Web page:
b. 1 July 1931, Paris, France. An elegant, captivating actress and dancer. Caron’s mother was Margaret Petit, an American ballet dancer, and her father, Claude Caron, a wealthy chemist with his own pharmacy in Paris. The good life continued until France was occupied during World War II when the Caron family, like so many others, lost their fortune. Even so, Leslie Caron took ballet lessons, and had a ballet called La Rencontre written especially for her. She was 17 and dancing professionally with the Ballet des Champs Elysées when she was seen by Gene Kelly who returned to Paris a year later to test her for the film An American In Paris. She accepted the ingenue role opposite him in Vincente Minnelli’s charming film which won six Academy Awards, including one for Best Picture. She followed her enchanting performance in that film with others equally appealing in Lili (in which she and Mel Ferrer introduced the charming ‘Hi-Lili, Hi-Lo’), The Glass Slipper, Daddy Long Legs, and Gigi. By the time she made the latter multi-Oscar winner, Caron was 27 and a mother, but she still managed to retain her fresh, gamine image. Two years after her first marriage to George Hormel, heir to the American Span fortune, was dissolved in 1954, she married the British stage director Peter Hall. He discouraged her from acting, although having developed into a serious actress on the stage and screen in between her musical films, she did manage to do some work, including Jean Giraudoux’s play Ondine for the RSC in 1961. A romantic relationship with the actor Warren Beatty precipitated her divorce from Hall in 1965, and she and Beatty lived together in the USA for two years. Her third marriage to the much younger American film producer Michael Laughlin lasted for seven years. During the 60s Caron returned to films, and although there were no musicals among them, she was acclaimed in the 60s for her dramatic performance in The L-Shaped Room, and teamed with Cary Grant for the amusing Father Goose.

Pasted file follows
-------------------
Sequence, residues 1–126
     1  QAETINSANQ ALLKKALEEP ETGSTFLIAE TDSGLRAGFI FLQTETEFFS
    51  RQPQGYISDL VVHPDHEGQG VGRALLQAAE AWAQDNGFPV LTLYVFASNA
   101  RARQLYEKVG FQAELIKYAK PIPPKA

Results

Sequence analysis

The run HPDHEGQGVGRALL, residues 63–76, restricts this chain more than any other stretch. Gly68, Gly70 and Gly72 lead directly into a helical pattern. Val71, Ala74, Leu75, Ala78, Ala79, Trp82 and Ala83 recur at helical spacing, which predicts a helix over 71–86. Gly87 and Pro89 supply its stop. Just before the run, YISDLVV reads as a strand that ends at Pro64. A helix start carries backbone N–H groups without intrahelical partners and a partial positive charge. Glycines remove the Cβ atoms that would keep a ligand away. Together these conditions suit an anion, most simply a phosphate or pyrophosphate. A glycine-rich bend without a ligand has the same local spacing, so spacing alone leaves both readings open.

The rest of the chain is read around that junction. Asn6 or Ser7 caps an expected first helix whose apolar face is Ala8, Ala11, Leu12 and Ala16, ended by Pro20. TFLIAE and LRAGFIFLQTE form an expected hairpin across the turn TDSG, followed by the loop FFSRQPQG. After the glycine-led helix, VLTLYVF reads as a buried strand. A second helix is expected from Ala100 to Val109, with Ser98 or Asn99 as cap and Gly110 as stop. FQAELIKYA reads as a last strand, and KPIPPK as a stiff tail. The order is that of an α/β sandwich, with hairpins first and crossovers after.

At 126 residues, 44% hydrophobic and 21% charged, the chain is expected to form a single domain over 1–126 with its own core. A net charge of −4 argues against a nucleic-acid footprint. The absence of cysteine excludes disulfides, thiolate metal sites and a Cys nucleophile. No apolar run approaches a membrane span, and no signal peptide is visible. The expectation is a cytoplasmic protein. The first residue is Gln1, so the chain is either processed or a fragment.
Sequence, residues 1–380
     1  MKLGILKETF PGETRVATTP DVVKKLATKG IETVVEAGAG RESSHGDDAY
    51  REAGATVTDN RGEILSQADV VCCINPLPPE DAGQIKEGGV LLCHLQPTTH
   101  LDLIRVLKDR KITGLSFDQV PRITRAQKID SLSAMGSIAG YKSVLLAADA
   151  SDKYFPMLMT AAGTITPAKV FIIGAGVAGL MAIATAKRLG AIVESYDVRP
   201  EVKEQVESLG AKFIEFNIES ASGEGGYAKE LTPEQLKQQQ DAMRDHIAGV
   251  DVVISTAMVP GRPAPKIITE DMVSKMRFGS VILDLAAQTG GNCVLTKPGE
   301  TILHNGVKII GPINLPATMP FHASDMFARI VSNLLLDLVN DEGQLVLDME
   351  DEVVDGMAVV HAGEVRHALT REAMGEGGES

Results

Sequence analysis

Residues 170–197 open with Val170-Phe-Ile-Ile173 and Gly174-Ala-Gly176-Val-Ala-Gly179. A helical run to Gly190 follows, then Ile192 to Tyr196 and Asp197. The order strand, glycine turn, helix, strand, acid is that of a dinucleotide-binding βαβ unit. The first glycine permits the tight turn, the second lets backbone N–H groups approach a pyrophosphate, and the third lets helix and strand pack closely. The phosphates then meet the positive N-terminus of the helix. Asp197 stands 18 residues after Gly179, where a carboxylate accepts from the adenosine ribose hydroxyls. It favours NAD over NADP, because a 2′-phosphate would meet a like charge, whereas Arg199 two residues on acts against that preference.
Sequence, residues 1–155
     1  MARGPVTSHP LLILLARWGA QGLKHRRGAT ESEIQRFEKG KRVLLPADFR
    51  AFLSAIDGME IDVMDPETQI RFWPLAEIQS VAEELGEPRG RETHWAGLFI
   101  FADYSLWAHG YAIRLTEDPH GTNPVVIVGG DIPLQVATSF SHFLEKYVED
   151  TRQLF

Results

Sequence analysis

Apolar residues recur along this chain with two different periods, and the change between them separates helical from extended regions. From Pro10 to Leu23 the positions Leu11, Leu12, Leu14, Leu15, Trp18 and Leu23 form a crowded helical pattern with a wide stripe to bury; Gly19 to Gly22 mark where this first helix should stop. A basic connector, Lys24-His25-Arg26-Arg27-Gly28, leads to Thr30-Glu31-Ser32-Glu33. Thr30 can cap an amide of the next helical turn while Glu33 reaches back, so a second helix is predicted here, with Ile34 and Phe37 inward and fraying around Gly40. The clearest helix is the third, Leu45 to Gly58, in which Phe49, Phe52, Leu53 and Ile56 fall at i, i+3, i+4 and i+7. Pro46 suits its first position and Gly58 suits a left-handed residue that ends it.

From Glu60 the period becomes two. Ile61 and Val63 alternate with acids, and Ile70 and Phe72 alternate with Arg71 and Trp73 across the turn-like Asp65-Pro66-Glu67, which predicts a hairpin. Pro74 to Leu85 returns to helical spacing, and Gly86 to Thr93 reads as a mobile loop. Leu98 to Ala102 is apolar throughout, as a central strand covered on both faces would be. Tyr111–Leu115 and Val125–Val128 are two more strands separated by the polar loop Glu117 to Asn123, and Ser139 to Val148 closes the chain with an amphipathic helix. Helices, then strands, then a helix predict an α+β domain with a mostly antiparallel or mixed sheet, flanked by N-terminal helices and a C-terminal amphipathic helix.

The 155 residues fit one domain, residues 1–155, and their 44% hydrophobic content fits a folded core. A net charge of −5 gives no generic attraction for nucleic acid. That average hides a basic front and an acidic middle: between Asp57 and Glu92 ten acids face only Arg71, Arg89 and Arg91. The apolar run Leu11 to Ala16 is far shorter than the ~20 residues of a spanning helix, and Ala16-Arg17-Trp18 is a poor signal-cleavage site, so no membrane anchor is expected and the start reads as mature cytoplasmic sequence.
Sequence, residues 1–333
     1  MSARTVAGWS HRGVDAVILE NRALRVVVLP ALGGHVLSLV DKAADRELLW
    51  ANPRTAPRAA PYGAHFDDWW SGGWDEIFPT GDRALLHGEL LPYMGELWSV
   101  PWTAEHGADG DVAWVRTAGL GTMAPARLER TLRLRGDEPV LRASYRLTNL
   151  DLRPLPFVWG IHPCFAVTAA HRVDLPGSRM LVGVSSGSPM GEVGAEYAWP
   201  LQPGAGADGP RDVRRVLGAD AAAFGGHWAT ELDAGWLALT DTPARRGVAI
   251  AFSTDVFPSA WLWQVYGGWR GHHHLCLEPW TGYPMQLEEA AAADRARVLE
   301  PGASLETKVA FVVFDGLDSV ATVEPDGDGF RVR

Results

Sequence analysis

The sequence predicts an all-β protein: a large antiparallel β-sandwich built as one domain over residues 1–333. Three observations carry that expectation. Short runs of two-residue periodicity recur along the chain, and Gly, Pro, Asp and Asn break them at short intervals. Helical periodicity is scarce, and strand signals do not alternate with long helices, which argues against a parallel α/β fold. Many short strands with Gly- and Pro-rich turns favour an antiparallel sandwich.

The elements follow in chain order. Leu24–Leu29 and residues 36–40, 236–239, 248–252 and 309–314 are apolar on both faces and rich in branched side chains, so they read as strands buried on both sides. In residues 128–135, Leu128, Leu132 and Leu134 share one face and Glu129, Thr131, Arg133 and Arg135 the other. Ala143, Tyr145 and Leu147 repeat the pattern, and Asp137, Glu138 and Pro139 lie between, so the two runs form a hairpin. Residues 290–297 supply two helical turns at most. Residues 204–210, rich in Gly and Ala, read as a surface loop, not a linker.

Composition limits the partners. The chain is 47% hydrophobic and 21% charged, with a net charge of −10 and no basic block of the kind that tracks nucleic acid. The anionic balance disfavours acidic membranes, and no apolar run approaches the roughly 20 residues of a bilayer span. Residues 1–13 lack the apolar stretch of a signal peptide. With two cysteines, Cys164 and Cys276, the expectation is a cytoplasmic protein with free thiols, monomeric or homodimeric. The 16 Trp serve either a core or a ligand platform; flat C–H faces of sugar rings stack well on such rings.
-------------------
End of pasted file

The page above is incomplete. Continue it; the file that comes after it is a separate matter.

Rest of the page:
Caron lives chiefly in Paris and New York, and continues to perform on stage, sometimes in her own plays. In 1982, she published a collection of short stories under the title of Vengeance, and in 1991 learnt to speak German so that she could play the role of the fading ballerina Grushinskaya in a stage production of the musical Grand Hotel. Two years later Caron opened her own restaurant in the Burgundy town of Villeneuve-sur-Yonne, 75 miles from Paris, having painstakingly converted a group of dilapidated thirteenth-century houses over a period of five years. Towards the end of the 90s she spent some time in Britain, and in 1997 played the female French writer, who adopted the male name of George Sand, in the nineteenth-century play Nocturne For Lovers at Chichester’s Minerva Theatre. She was also the voice of Saint-Sébastien narrating ‘Le Martyre De Saint Sébastien’ by Debussy which was performed at the Barbican by the London Symphony Orchestra under Michael Tilson Thomas. A year later, Caron joined a host of other former MGM stars in a salute to those Magnificent Golden Years Of Musicals at the London Palladium, and was awarded the Order du Merite to add to the Legion d’Honneur she received from President Mitterand five years earlier.